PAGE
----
Mirwaiz Umar Farooq as Pakistan's 12th man? There could be worse candidates

Perhaps we should have seen the signs.

A man who has openly said there is only hatred towards India, one who has repeatedly insisted New Delhi should have no rights over Kashmir, isn't perhaps the most patriotic of people in this large and overpopulated land of ours. Surely, if a talent hunt to identify who loves Mother India the most was to be held, Mirwaiz Umar Farooq wouldn't feature too high on most people's list of favourites.

File image of Mirwaiz Umar Farooq. Reuters

File image of Mirwaiz Umar Farooq. Reuters

But despite this abundantly overwhelming evidence, we chose to expect Mirwaiz to drape himself in the Tricolour and sing "Sachiiin, Sachiiin", regardless of whether Tendulkar was in the grounds or not — or whether India was even playing the match or not... indeed, whether it was even a game of cricket, or simply a bunch of goatherds going about their business.


But it was Pakistan that had won over the Mirwaiz's heart. With their brand of inconsistent cricket and backroom politics, Sarfraz Ahmed and his band of merry men won over Mirwaiz's cold heart.

It prompted furious reactions from the nationalists, who termed Mirwaiz Pakistan's 12th man, much to the dismay of Pakistan's actual 12th man, who was waiting eagerly for his chance to get into the side some day.

"I too was cheering for Pakistan to win. Where did I go wrong? Pichhle janam mein maine kya paap kya tha?" he was heard sobbing.

But it got a few of us here at FP Special Forces thinking. If Mirwaiz can swing past ICC regulations and become Pakistan's 12th man despite not being part of the original squad, and all by the mere act of cheering a Pakistan victory, may be that really is the selection criteria. It is, after all, the Pakistan cricket team, and far stranger things have happened there.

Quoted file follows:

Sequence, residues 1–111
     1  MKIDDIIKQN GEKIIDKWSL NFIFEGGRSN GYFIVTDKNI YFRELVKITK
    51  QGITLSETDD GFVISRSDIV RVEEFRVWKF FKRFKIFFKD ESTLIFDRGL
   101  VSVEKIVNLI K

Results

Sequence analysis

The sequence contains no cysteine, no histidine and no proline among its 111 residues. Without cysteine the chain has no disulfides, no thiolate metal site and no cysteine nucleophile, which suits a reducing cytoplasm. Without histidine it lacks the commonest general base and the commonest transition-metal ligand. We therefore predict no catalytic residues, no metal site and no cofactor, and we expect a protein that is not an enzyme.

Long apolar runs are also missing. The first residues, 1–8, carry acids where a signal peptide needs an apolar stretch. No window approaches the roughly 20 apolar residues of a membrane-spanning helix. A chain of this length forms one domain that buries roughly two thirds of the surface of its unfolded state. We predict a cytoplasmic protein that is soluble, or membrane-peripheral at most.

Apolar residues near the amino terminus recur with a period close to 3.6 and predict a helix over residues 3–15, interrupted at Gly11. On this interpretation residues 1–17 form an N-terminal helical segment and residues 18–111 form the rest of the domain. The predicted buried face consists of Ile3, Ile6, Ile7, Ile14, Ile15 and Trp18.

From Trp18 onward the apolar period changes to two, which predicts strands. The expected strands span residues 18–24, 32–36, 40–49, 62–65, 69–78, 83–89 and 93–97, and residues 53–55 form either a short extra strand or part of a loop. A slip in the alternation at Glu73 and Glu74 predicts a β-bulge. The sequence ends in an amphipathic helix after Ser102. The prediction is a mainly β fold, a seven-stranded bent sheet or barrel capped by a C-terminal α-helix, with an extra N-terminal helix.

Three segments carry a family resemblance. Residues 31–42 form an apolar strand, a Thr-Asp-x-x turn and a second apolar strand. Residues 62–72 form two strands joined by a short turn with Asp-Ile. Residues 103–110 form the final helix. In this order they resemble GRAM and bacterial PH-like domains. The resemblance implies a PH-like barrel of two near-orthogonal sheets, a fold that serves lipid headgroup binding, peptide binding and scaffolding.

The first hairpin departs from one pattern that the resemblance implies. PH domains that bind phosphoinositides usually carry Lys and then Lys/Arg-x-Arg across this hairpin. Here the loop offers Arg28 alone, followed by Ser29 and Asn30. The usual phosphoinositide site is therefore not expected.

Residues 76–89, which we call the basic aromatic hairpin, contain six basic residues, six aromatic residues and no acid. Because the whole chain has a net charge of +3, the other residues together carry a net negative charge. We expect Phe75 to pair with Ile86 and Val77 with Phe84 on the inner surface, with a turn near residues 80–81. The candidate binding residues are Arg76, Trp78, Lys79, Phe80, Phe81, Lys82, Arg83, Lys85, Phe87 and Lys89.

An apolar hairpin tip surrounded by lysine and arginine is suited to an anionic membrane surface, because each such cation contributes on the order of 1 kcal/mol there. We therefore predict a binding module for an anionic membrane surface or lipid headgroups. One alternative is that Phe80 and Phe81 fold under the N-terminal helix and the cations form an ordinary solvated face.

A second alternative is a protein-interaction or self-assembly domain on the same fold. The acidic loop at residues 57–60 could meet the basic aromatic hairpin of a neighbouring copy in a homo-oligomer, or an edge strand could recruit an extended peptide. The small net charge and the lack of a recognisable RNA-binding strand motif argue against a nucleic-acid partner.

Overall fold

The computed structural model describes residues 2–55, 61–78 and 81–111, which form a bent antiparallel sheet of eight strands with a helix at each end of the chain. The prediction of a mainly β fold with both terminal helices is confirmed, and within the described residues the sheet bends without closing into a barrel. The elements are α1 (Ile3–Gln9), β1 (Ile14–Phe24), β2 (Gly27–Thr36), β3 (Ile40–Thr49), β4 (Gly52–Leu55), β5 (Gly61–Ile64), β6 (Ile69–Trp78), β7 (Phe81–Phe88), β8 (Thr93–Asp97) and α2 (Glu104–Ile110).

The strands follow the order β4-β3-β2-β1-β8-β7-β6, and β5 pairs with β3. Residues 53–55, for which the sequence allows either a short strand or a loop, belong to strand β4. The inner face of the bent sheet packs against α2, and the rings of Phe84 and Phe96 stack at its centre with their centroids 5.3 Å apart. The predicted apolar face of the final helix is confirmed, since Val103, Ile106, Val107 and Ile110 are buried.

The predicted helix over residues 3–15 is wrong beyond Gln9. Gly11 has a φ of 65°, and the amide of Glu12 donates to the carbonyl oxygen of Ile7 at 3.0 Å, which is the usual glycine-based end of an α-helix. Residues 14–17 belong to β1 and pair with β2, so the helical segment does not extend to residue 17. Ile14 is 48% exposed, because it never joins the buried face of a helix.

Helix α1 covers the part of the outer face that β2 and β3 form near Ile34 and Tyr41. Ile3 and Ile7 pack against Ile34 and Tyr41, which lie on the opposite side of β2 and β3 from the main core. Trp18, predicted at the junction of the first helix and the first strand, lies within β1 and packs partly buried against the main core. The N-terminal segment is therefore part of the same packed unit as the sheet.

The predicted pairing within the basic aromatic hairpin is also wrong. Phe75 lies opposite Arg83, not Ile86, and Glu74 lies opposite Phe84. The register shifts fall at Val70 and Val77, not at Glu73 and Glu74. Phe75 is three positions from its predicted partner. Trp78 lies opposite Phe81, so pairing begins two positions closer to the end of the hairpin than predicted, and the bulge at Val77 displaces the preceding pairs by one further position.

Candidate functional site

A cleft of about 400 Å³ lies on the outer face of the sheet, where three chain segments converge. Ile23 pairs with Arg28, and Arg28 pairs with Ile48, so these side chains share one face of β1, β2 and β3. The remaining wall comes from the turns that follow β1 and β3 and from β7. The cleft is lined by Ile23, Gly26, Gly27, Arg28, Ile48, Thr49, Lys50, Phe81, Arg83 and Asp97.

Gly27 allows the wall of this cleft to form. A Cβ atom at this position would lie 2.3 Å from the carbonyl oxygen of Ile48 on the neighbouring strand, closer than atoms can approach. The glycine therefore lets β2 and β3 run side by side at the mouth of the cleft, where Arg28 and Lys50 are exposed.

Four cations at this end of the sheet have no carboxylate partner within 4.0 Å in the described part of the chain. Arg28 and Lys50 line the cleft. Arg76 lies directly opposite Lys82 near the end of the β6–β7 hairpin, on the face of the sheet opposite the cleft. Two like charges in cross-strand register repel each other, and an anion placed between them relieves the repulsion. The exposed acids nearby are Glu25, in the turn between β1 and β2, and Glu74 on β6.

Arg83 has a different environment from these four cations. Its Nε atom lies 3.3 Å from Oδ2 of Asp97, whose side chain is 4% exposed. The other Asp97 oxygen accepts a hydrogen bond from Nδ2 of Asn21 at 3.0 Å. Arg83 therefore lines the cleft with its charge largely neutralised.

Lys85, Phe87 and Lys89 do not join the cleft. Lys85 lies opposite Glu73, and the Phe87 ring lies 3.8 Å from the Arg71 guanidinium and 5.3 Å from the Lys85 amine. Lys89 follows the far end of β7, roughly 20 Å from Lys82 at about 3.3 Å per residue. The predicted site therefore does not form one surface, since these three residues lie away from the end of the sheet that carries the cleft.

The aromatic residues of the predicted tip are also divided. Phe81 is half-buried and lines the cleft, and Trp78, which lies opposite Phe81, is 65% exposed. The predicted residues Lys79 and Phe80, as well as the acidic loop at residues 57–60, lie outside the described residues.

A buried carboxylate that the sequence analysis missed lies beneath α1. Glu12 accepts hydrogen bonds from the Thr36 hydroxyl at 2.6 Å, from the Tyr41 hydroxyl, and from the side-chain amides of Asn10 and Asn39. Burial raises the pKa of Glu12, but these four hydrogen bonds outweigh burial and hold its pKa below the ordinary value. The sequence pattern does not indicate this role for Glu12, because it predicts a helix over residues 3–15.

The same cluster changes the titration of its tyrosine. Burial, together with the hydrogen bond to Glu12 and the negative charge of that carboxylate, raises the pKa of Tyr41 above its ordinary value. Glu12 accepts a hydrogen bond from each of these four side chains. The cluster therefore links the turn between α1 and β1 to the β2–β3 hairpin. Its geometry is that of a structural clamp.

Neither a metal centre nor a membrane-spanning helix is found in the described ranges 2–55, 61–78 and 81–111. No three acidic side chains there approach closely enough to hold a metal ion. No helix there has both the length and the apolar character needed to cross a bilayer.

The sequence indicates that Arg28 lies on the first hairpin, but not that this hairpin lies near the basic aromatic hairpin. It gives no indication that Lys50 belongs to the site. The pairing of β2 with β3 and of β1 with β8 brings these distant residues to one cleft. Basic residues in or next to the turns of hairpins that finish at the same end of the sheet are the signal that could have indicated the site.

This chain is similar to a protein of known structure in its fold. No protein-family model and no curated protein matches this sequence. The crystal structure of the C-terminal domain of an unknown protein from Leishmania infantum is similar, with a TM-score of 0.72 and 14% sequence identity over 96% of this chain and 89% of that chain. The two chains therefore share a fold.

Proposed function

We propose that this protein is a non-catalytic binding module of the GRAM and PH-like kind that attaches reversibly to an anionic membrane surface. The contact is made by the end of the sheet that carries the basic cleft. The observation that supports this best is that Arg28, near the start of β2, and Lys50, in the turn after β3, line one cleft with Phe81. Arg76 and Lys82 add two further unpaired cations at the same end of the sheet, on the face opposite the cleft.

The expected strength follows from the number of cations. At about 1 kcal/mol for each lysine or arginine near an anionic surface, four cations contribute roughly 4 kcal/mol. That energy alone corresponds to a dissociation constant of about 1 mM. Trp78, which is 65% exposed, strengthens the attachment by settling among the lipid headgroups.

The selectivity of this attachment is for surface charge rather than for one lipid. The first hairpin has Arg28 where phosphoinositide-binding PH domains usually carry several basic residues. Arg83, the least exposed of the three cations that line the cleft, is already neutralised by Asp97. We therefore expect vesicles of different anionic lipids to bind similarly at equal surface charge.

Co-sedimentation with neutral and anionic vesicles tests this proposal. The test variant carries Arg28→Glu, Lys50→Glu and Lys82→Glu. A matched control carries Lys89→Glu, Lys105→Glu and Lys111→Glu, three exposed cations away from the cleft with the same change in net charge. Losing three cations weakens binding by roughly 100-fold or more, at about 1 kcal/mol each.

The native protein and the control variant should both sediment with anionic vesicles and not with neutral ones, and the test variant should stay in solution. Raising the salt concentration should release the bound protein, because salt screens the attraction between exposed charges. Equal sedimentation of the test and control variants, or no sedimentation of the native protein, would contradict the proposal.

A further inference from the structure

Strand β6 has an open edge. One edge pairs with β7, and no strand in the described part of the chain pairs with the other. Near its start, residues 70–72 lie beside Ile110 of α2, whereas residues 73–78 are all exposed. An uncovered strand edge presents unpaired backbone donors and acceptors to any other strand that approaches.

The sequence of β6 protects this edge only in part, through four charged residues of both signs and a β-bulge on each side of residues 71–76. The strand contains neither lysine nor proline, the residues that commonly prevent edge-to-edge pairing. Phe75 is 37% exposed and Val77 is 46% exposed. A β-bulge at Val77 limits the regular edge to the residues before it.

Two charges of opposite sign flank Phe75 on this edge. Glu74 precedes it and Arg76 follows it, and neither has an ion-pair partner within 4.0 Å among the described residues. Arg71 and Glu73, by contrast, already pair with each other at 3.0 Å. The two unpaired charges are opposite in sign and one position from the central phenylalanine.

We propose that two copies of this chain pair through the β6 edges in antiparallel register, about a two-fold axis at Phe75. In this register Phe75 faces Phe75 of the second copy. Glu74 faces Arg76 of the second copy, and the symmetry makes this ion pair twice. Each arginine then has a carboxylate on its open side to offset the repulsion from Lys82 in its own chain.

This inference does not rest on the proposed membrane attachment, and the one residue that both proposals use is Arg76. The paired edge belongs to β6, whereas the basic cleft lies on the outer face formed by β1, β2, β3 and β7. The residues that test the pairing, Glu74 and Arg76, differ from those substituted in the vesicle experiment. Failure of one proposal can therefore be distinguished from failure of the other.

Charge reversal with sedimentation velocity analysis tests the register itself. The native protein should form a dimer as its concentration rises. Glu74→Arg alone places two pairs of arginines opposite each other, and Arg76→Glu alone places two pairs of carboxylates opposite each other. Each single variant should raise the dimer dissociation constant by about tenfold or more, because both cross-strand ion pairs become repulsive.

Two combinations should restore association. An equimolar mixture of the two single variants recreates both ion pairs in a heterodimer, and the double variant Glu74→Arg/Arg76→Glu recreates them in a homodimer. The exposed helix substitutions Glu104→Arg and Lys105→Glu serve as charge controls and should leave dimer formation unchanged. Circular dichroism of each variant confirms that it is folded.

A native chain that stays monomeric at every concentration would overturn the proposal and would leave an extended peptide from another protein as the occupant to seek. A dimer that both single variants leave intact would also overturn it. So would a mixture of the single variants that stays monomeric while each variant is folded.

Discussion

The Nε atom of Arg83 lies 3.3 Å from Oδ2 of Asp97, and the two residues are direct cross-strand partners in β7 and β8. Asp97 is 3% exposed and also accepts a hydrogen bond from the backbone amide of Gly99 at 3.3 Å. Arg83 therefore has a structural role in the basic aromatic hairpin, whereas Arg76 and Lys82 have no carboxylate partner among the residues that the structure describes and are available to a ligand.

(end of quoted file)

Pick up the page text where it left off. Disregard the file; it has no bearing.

And why would it even be such a bad thing? He can't really be worse than Mohammad Hafeez, for one. And we have heard a thing or two about his ability to evade capture, so he could even be worth his weight on the field.


So without any further ado, here's a list of things we believe Mirwaiz alone can bring to the Pakistani PandasPanthers Pangolins. Or whatever cool-sounding nickname they have chosen for themselves.

- Will block everything: Mirwaiz has been leading protests in the Kashmir Valley for several decades, and knows a thing or two about blocking. Will bring solidity to a notoriously fragile batting line-up.
- Will run well: Pakistan's running between the wickets is like watching old people slip in puddles and fall down. There is nothing remotely funny about it, but it makes everybody split their sides nevertheless. Mirwaiz the runner is here to change all that. He has a proven track record of running from the law, and will never be caught short of his ground.
- Will always be home: The only option at this point, it's becoming clear, is to trick him out. Not happening. He has spent so long in house arrest, that he will never leave his crease. Try catching him off guard now!
- Will swing the ball well: He has often swapped sides. Obviously we have here a man who has perfected the art of turning the ball either way. And given the speed at which he changes his mind, he will swing it at pace. Perfect new ball bowler to exploit those British conditions.
- Great leadership skills: It has often been lamented that the team lacks leaders, by past Pakistani players, who sigh wistfully thinking of Imran Khan's famous Cornered Tigers speech. No more. Haven't you heart the sparkling oratory of Mirwaiz? "Imran who?" is what we expect those past players to now be saying.

But it seems unlikely that we'll ever get to see any of these sparkling skills at play.

Why?

Well, when was the last time you saw a 12th man bat or bowl in a match?

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Published Date: Jun 16, 2017 04:22 pm | Updated Date: Jun 16, 2017 04:26 pm



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